ONCE A SINGLE PLANT HAS BEEN INFECTED, FURTHER TRANSMISSION CAN BE CARRIED OUT MECHANICALLY
In general, aphids can transmit virus diseases in this manner for one or two hours. However, the more feeding punctures the aphid makes, the more quickly it loses its ability to infect other plants. Such transmission means that several plants can become infected without large numbers of aphids being visible. Once a single plant has been infected, further transmission can be carried out mechanically via activities, such as harvesting and pruning, that facilitate sap transmission.
Lag Time of Controls – Because of the lag time that exists between releases of biocontrols or application of control products, and kill of aphids, it’s very difficult to totally prevent virus spread. Studies indicate that protection of plants against virus infection by insecticides, whether contact or systemic, is never 100 per cent. With contact insecticides, new growth is not protected.
To counter this, if more frequent insecticide applications are made, resistance would quickly develop.
With systemic insecticides, because the aphids must feed to access the toxin in the phloem, they unavoidably become infected in the process. Such infected aphids can then go on to infect a few more plants before dying, unless the insecticide kills almost instantly. If the insecticide causes irritation and kills slowly, then the insect may move about more, and consequently, spread the virus to more plants. Other insecticides may have repellent or anti-feeding effects, and these have been demonstrated to reduce virus spread by reducing feeding activities.
Management of aphid-transmitted viruses in greenhouse crops requires an integrated approach that uses all available strategies. The first and basic strategy is to eliminate or at least reduce the source of the virus.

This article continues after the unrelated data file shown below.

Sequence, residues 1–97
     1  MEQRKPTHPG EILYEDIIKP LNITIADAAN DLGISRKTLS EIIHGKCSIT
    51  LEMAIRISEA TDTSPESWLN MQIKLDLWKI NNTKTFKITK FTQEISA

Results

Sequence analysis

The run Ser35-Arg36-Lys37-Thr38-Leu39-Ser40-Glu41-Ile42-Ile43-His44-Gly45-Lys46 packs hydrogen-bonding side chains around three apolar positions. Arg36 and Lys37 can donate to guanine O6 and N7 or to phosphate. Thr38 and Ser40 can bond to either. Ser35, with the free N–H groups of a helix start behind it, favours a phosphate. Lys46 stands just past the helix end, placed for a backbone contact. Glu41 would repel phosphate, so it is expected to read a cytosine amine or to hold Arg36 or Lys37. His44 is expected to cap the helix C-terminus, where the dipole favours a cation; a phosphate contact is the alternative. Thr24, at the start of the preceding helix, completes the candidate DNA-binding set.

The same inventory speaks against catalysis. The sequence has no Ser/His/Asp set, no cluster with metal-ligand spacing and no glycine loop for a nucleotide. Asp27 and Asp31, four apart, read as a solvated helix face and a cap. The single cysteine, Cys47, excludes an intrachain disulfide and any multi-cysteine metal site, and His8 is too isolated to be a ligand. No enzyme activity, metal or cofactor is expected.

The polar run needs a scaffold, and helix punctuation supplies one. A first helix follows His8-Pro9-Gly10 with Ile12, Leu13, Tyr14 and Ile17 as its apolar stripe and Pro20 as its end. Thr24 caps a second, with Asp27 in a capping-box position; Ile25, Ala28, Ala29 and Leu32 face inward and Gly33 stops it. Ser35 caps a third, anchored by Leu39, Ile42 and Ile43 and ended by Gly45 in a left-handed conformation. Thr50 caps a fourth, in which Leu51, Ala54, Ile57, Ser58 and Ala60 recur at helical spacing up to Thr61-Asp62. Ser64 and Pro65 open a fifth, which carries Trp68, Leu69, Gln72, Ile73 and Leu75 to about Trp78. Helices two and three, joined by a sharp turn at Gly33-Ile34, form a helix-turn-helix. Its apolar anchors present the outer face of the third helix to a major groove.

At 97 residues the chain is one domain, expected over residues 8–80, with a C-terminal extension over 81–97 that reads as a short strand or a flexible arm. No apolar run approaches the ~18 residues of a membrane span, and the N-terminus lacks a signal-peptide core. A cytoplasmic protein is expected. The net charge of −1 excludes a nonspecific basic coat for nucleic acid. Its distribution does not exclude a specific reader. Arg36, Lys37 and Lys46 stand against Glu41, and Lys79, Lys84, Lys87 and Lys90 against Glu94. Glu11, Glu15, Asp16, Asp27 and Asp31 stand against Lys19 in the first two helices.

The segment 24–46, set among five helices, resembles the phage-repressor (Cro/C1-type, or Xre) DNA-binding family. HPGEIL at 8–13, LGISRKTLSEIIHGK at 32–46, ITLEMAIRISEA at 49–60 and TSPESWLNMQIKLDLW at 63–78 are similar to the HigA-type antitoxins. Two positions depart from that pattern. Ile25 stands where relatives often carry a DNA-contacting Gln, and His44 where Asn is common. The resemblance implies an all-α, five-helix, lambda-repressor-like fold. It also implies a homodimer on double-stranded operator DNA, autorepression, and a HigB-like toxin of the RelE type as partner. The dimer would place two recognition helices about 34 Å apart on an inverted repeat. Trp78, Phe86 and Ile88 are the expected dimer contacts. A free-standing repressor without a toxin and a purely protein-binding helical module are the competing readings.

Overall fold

Reducing the source means meticulous control of weeds in and around the greenhouse; and not just weeds, but any other type of plant that could serve as a host for both aphids and viruses. Within the greenhouse, infected plants should be immediately removed upon detection.
Use of both biological and chemical controls can help in suppressing aphid populations and it is especially important to achieve early control to prevent the development of winged forms. An additional strategy is to carry out all activities in infected areas last, even after infected plants have been removed. This approach is necessary because infected plants may not show symptoms for about two weeks after infection. If possible, the optimal strategy would be use of cultivars that are resistant or tolerant to viruses.
Finally, sanitation is key to reducing spread, and measures such as disinfection of tools between plants or at least at the end of rows, can assist in this regard.
Gillian Ferguson is the greenhouse vegetable IPM specialist with the Ontario Ministry of Agriculture, Food and Rural Affairs in Harrow.
• 519-738-1258, or firstname.lastname@example.org